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The intranet is for most companies the digital source to share relevant content in any shape or form. It is the go-to place to connect employees within the organization and facilitate a ‘hub of knowledge’. Employees use the intranet when looking for answers, posting questions for others to comment on, reading corporate news, and being able to connect with fellow employees. It should facilitate the users to execute their jobs efficiently and effectively.

But, building a successful intranet doesn’t come easy. Without any clear vision and guidance on what the intranet should facilitate you end up with a product that misaligns with its intended purpose.


These are the top five mistakes made when building an intranet:


1. Neglecting search

Users are requesting more interactive searching capabilities to find information. When browsing through the intranet they quickly find the search bar to type in the relevant keywords to find their information. Users simply lack the time to investigate and scroll through each page of the intranet to find the information they are looking for. The intranet is of little value if users are not able to find the relevant content right away. Intranets typically categorize and cluster their search results, but most of the time the search results show unstructured and large amounts of irrelevant results to the user. The advice is to register metadata on the type of content that is available on the intranet. This will support the users with categorized content on keyword and allow them to apply filters when searching content in the libraries and lists of the intranet.


2. Disregarding user input

Intranets can be configured in any way, shape, or form, which is a benefit. However, it should be clearly shaped based on the input and feedback of its primary users. These are, in the end, your most important target group. The design, its layout, and its functionalities should align with what the users expect. It must fit with what makes sense to the users, and not just the tech people configuring it. If users do not intuitively understand the intranet or find it difficult to work with, users will eventually find reasons not to work with it. Thus, aligning with your user groups on a frequent basis to collect feedback and user experience will help to steer the intranet to its intended result.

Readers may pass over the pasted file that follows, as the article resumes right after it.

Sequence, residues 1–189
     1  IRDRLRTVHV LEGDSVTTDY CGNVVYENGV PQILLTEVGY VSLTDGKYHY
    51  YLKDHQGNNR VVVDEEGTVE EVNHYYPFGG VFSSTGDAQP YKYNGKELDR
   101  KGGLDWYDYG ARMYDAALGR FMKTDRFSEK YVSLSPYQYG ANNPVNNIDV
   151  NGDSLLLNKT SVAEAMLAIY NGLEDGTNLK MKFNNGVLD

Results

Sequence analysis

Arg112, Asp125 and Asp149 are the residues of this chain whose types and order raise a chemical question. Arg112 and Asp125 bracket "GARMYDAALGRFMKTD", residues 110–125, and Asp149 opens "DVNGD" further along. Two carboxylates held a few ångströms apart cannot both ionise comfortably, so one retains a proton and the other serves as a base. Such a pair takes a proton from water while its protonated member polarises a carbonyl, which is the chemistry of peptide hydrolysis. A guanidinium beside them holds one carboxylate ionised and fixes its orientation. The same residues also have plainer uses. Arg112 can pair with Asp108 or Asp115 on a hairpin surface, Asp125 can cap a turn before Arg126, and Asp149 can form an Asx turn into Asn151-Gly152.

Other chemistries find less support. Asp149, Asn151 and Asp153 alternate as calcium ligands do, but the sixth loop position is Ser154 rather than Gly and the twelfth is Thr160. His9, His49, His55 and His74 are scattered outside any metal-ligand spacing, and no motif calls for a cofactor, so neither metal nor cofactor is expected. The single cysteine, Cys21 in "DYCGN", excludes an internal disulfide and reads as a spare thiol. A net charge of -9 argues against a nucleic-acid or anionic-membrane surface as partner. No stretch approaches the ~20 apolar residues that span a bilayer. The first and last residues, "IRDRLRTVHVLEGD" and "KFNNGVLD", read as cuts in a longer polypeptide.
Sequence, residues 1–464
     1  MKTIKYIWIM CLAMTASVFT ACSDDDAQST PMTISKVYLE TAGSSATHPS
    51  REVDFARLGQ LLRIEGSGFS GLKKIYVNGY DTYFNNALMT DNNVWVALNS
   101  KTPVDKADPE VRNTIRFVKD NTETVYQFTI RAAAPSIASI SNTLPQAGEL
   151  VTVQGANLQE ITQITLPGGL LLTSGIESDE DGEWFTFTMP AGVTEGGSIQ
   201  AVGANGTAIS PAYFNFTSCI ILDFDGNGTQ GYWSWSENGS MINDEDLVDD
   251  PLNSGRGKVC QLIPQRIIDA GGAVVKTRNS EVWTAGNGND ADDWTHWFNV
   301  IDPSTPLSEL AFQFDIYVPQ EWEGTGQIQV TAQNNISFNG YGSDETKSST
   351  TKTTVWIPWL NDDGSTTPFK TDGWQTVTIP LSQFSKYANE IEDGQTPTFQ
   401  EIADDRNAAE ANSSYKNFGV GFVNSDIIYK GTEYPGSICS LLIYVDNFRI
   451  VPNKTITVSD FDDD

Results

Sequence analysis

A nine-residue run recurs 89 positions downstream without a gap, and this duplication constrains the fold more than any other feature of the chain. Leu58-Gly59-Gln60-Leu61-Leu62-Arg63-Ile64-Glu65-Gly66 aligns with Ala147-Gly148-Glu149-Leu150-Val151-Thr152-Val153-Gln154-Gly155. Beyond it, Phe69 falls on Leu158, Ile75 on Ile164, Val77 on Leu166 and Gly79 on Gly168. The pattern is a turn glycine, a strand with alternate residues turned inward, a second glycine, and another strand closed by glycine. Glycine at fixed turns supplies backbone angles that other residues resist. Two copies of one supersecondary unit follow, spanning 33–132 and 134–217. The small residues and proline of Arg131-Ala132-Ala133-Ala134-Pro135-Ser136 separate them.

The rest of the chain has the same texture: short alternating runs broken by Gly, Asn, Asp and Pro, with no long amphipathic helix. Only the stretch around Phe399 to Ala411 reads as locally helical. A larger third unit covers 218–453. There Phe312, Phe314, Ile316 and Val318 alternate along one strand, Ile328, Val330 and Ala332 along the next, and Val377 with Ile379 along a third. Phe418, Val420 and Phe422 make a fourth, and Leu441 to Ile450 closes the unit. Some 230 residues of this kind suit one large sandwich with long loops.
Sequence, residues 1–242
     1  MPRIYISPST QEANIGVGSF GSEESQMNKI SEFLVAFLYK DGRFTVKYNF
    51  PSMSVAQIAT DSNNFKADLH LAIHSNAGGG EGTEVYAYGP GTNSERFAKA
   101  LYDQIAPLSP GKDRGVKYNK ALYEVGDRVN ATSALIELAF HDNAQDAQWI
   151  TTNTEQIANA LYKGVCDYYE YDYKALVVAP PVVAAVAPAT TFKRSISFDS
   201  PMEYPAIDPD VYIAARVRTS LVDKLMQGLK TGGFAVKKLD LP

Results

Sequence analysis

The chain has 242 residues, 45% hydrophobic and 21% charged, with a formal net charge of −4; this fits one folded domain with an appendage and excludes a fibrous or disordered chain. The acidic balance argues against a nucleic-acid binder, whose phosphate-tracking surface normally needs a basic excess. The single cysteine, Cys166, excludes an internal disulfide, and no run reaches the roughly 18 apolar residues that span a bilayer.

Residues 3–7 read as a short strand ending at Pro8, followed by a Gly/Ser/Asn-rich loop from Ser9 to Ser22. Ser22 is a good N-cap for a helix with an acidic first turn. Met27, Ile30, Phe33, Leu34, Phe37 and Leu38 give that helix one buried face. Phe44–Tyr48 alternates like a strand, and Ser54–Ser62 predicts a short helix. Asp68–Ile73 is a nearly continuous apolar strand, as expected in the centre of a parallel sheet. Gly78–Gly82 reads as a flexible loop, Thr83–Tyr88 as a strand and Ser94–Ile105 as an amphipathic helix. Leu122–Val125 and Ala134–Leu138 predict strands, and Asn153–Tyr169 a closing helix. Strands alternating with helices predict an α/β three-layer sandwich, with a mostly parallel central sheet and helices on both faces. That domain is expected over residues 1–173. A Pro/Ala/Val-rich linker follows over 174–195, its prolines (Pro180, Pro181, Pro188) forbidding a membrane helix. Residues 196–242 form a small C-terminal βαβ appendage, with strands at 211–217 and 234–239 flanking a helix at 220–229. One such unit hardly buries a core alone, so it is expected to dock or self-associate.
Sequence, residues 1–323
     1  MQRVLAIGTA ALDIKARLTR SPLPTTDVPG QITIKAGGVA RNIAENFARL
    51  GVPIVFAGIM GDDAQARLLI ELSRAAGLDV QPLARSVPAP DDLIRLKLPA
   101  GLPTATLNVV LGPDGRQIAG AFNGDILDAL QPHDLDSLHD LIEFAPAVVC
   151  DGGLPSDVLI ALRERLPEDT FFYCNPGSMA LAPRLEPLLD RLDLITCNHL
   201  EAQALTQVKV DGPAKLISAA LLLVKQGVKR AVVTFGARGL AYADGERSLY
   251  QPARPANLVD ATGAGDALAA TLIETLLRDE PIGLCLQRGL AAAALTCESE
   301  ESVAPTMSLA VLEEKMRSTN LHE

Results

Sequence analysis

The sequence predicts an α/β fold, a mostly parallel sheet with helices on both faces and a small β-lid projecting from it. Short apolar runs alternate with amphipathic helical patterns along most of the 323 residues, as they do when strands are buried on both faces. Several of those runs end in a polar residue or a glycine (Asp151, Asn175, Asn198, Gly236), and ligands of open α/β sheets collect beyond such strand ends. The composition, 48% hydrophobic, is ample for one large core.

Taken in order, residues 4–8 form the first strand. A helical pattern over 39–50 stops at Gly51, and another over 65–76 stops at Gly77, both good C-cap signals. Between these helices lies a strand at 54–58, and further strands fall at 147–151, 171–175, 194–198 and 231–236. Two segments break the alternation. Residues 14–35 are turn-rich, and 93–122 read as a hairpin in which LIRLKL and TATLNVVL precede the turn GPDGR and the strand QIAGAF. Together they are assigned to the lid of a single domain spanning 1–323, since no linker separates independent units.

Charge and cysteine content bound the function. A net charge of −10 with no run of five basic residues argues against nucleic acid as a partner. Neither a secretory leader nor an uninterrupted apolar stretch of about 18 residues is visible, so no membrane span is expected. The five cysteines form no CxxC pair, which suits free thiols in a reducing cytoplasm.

3. Not refreshing content

Intranet should be a dynamic platform. The same goes for the content that is displayed here. The content should be actively maintained by its owners. The users should get the feeling the information is trustworthy and updated on a frequent basis. Intranet should be the primary source of up-to-date information. Thus, it requires an active commitment to keep its content fresh and relevant to its users.


4. No training for users

The relevance of your intranet is in the hands of the content owners and its users. This means users working with the intranet need the right skill set to find it. Simply providing a login to the intranet does not do the trick. As the intranet is constantly evolving users should be provided with decent training on how to use it. You should not assume users who do understand and know how to work with the intranet will automatically tell and train their fellow users. Create an appropriate approach for continuous training and support. Through this approach, the organization will realize their return on investment and have the intranet work for the organization.


5. Lack of ambassadors within the organization

Your organization should strive towards a group of users of your intranet that can be seen as ambassadors. From their own experience with the intranet, they are able to inspire others. These ambassadors are commonly one level closer to the actual users and can advocate the usage of the intranet on a more personal level. Without having ambassadors in place you are typically standing against each other. The intranet implementers and the organization users. Ambassadors provide an essential link between the two. The role of the ambassador is bidirectional. On the one hand, ambassadors are able to engage actively with all users in the organization to highlight how to use the intranet and its functionalities. On the other hand, ambassadors actively provide input on where the intranet can be improved based on their engagements with the organization users.


Are you interested to see how the Mavim Platform can interlink with your intranet? Feel free to reach out to us.


Author: Thomas Littooij, Value Engineer at Mavim


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